FAULTS : Any departure from the foregoing points should be considered a fault and the seriousness with which the fault should be regarded should be in exact proportion to its degree.

 

Head :

  • Narrow skull, dome shaped.
  • Muzzle too pointed.
  • Upper lip insufficiently let down and tight.
  • Eye slightly light, conjunctiva visible.
  • Ears set below eye level, short, not flat enough.

Neck :

  • Long reach of neck, light.

Body :

  • Dorsal region too long, topline soft, hollow.
  • Ribs flat.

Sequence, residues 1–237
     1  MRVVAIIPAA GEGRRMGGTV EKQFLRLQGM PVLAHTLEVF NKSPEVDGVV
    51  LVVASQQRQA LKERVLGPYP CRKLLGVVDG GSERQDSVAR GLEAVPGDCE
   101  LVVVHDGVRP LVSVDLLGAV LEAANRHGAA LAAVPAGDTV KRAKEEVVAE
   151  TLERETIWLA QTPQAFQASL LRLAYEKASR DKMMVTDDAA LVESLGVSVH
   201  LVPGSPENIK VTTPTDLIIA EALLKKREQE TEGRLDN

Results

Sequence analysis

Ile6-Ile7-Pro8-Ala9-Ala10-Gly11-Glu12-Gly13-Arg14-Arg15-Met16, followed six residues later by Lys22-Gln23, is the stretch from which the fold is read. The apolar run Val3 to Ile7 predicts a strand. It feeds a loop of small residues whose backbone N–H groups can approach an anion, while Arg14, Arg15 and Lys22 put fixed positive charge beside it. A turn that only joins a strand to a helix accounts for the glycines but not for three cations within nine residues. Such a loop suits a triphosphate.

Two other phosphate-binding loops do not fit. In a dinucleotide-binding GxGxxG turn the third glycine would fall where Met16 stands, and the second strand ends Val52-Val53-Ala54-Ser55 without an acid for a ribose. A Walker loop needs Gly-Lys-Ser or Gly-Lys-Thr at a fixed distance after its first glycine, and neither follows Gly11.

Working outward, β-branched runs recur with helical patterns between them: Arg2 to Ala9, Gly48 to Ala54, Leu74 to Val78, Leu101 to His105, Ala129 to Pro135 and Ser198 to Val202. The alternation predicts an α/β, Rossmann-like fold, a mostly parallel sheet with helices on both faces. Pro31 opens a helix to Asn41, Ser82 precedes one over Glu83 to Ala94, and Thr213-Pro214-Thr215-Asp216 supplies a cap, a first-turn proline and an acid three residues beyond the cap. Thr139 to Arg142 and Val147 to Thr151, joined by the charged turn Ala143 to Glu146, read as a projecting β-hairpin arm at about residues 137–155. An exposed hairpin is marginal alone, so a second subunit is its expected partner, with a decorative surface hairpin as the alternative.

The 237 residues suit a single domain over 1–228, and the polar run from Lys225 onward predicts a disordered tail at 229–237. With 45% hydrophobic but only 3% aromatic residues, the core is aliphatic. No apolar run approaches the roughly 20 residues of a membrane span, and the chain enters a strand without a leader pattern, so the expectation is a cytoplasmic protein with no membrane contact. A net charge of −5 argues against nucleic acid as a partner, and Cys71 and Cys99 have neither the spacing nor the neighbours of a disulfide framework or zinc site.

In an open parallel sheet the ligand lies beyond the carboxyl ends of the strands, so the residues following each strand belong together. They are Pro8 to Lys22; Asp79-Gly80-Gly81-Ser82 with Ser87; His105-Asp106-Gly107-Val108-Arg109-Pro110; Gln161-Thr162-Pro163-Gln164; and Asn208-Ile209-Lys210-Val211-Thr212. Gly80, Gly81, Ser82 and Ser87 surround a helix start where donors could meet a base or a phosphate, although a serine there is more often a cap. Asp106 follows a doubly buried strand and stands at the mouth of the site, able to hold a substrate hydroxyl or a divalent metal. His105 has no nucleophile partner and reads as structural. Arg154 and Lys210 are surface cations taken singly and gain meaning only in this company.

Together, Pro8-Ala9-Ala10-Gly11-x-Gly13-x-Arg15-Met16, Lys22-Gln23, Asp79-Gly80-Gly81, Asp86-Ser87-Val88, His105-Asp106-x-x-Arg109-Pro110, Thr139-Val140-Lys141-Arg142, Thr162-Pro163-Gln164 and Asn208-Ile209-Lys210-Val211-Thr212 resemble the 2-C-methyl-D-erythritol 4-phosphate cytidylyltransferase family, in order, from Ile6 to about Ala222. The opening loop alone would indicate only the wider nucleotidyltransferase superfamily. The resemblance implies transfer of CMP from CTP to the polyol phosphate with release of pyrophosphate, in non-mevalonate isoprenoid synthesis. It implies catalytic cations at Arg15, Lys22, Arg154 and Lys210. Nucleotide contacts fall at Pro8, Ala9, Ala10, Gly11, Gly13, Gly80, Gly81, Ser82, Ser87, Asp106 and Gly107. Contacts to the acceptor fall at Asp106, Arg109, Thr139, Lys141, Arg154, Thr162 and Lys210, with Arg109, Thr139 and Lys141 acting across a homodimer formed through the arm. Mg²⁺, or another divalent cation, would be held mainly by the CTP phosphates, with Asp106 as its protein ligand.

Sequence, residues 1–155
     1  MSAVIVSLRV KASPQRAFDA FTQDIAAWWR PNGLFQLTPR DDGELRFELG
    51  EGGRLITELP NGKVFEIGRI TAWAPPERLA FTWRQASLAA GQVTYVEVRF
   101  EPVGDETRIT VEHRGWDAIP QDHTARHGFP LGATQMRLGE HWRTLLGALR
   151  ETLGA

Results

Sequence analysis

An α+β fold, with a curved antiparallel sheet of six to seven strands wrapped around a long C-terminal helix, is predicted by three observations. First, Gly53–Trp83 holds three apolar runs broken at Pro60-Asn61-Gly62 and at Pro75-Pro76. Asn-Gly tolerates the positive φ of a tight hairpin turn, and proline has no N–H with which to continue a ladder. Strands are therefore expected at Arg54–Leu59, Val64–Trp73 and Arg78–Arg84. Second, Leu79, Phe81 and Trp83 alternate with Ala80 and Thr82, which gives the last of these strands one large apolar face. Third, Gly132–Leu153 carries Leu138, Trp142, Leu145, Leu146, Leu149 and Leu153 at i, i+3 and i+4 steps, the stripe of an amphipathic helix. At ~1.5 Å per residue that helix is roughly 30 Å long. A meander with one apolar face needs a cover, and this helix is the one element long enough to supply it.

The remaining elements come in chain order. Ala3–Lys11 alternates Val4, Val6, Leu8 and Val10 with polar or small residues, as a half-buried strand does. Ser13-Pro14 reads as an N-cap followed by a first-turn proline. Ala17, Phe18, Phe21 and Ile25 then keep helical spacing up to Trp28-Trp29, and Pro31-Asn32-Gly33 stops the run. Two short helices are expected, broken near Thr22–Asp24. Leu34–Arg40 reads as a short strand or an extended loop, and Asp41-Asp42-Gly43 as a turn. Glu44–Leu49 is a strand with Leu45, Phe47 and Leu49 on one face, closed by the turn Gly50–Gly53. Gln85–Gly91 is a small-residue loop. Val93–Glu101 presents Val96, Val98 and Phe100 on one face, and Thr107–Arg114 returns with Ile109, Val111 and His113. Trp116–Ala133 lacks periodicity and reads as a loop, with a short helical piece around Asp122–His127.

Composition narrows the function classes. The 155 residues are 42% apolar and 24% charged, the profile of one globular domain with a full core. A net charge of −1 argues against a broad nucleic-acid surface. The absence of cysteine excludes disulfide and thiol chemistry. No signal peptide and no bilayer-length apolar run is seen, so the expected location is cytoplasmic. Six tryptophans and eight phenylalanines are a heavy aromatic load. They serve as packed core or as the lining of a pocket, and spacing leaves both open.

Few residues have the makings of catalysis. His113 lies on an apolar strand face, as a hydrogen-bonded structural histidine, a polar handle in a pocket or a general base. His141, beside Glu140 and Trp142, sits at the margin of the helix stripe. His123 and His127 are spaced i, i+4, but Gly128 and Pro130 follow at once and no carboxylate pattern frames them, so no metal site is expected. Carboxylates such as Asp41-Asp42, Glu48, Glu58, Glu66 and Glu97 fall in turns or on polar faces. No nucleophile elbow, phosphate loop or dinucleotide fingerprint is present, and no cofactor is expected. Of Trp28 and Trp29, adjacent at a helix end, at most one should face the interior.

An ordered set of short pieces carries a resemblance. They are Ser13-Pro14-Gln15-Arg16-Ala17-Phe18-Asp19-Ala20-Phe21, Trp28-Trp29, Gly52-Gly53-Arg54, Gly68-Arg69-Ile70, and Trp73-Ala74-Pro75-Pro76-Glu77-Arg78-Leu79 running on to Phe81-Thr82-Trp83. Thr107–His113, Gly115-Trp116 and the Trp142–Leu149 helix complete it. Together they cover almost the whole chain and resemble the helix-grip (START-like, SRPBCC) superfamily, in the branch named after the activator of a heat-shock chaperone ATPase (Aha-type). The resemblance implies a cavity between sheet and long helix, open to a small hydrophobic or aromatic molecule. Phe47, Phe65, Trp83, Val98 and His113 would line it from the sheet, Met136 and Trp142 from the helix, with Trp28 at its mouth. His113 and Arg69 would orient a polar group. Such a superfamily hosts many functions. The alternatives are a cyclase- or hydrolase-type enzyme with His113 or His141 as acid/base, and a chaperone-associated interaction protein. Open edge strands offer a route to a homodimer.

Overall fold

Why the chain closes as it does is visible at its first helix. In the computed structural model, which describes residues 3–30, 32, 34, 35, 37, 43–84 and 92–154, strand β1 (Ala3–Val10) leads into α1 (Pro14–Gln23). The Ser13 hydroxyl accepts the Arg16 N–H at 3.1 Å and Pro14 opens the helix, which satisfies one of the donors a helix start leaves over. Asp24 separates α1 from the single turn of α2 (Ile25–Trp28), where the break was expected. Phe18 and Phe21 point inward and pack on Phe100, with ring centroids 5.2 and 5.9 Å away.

• Whippety flanks.

Tail :

  • Too long, deviated.

Forequarters :

  • Straight shoulder.
  • Out at elbows.
  • Straight pastern.
  • Flat feet.
  • Toes splayed, too long.

Hindquarters :

  • Thighs flat.
  • Hocks straight, either cow-hocked or barrel-shaped.

Colour :

  • Mottled.

Behaviour :

  • Timid subject.

ELIMINATING FAULTS :

  • Shy or aggressive subject.
  • Lack of type (the dog on the whole not sufficiently resembling his fellow creatures of the same breed).
  • Anatomical anomaly.
  • Determined hereditary disabling defect.
  • Under- or overshot mouth.
  • Eye very light.
  • Weak limbs.
  • Other colour than that of the standard.
  • Distinctly mottled.
  • Height at the withers other than that of the standard.

 

Any dog clearly showing physical or behavioural abnormalities shall be disqualified.

N.B. : Male animals should have two apparently normal testicles fully descended into the scrotum.